“Honestly, it was the most intense baseball I have ever played,” Ishikawa said. “It was so challenging mentally. Every game had so much intensity. Every run was the biggest run we’ve ever scored and every out was the biggest out we’ve ever made. But it was even more exciting than I ever thought it would be.”
Ishikawa credits the home crowd at San Francisco’s AT&T Park with pushing the Giants over the edge, especially the waving of orange towels during the postseason.
“We felt the crowd,” Ishikawa said. “When they first brought out those rags in the sold-out stadium it was one of the coolest things I’ve seen on a baseball field. We were so motivated. I wasn’t even playing and I was pumped up. It was louder than I’ve ever heard in a stadium and it was like that for a full nine innings. It was electrifying.”
The atmosphere surrounding the World Series did affect Ishikawa. But once he stepped in the batter’s box or defensively at first base, it was just like another game, he said.
“There were a couple times during at-bats when I would step out of the box and it felt like I had to use every ounce of strength I had to keep my knees from buckling,” Ishikawa said. “But once I got in the box, I wasn’t as hyped as I thought I would be. When you are a kid thinking about the World Series, it seems like you would be so nervous because all of the hoopla.”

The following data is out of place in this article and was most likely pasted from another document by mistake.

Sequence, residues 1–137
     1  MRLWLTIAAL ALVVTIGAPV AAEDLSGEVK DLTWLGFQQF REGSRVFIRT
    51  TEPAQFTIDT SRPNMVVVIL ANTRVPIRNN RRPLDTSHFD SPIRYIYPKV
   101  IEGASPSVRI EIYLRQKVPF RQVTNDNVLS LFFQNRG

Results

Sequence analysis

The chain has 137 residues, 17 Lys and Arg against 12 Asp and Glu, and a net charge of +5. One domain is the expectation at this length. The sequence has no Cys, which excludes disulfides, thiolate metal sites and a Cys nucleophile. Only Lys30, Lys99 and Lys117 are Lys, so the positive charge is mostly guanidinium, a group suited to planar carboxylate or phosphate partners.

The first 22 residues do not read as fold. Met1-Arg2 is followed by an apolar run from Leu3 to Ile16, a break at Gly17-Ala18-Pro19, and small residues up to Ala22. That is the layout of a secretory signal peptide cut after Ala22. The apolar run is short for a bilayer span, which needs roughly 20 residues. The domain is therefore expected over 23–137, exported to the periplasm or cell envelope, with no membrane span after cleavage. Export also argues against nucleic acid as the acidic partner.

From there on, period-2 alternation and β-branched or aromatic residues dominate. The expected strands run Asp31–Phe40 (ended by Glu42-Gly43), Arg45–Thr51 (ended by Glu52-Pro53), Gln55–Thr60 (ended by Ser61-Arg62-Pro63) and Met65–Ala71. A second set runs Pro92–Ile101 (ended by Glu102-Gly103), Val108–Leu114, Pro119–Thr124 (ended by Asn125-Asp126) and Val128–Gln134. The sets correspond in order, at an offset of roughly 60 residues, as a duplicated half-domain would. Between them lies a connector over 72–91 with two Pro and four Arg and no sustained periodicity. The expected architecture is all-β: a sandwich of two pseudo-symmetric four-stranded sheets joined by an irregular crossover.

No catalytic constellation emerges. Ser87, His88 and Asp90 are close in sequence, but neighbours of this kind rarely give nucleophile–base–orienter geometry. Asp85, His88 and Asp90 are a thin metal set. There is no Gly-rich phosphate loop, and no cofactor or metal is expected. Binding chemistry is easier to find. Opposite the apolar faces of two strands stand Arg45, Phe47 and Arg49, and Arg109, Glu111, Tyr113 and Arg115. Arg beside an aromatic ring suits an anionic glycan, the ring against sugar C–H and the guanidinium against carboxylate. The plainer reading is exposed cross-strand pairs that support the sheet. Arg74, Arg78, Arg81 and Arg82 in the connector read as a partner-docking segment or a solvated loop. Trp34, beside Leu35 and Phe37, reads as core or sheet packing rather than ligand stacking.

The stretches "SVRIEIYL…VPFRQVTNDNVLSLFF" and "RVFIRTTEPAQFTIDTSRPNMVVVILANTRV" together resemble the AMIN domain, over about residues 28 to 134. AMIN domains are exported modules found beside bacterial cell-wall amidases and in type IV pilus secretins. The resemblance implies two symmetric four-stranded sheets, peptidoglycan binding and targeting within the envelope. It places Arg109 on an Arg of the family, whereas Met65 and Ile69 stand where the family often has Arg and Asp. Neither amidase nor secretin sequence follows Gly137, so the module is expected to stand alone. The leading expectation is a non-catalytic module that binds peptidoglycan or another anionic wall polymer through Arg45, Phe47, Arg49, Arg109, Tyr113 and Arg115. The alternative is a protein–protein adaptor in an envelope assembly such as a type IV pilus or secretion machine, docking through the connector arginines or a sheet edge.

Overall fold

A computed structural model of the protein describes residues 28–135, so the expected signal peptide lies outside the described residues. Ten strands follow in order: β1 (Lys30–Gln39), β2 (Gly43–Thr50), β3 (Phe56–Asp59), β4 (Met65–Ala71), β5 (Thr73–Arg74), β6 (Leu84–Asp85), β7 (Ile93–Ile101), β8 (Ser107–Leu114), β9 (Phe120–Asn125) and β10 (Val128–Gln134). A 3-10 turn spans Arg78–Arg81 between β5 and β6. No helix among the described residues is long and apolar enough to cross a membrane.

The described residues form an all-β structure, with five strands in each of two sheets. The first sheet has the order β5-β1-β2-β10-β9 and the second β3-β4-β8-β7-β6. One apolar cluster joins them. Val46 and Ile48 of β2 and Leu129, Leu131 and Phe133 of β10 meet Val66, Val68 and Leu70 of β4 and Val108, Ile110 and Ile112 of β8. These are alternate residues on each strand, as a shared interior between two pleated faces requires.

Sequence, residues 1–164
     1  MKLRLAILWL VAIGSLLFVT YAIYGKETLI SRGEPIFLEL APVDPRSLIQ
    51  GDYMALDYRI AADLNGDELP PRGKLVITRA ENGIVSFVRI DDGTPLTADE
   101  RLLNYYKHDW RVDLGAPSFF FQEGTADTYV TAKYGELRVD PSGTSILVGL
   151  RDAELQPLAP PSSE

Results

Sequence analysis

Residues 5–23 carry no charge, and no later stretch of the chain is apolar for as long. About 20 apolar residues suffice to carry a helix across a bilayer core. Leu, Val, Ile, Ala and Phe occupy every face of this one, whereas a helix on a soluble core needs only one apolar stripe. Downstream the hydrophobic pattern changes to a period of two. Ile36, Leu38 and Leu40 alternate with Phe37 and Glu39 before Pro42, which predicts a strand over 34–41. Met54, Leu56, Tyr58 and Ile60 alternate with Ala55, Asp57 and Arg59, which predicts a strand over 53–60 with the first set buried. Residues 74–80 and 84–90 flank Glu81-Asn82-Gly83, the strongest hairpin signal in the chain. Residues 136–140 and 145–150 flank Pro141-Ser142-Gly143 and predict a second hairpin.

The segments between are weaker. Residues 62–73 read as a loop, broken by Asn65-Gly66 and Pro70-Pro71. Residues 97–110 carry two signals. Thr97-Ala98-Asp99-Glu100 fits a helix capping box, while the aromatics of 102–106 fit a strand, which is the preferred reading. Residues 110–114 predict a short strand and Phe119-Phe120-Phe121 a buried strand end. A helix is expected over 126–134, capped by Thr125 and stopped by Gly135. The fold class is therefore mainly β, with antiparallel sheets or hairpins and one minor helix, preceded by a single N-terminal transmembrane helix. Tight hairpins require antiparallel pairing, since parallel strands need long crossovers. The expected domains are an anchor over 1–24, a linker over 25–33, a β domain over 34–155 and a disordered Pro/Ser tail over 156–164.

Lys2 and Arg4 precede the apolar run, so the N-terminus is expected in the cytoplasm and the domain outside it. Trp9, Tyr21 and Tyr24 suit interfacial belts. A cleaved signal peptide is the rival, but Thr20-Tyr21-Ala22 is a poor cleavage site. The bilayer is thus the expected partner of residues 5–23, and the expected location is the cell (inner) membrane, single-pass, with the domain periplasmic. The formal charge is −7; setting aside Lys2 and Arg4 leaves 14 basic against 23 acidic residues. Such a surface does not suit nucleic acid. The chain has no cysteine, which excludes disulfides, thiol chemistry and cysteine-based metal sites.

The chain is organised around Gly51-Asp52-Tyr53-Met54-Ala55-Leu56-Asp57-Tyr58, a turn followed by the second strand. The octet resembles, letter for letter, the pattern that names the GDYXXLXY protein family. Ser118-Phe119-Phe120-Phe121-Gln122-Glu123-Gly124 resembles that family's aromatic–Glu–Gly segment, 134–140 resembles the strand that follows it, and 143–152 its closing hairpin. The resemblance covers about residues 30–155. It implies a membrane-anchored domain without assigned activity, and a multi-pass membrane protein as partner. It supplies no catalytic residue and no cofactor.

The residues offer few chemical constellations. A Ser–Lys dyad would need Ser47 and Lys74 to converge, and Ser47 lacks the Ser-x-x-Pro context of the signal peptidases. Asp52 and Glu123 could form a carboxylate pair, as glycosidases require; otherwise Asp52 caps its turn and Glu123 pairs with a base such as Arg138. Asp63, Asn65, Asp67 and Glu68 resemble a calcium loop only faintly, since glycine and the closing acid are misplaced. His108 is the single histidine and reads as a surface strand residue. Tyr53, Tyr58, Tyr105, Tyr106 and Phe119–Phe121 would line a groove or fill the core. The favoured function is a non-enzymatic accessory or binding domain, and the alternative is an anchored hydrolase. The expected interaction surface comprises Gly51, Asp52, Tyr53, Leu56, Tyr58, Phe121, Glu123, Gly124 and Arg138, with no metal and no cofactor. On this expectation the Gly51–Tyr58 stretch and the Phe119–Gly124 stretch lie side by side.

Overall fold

Aside from winning the world championship, this season was a little bit different for Ishikawa. For the first time in his entire baseball career, he was relegated to mostly coming off the bench for the Giants as a late-inning defensive replacement for starter Aubrey Huff and a pinch hitter.
“It was definitely a new situation for me,” Ishikawa said. “Obviously, I didn’t like the idea of not being able to play. But when we broke camp, I understood that my role would be limited.”
Ishikawa’s everyday role was extremely limited during the first half of the Giants’ season. After the first three months of the season, Ishikawa had only gotten two starts at first base. But it was during that time that he developed into a lethal pinch hitter off the bench for manager Bruce Bochy. For the first half of the 2010 season, Ishikawa was leading the Major Leagues as a pinch hitter with a .476 average (10 for 21).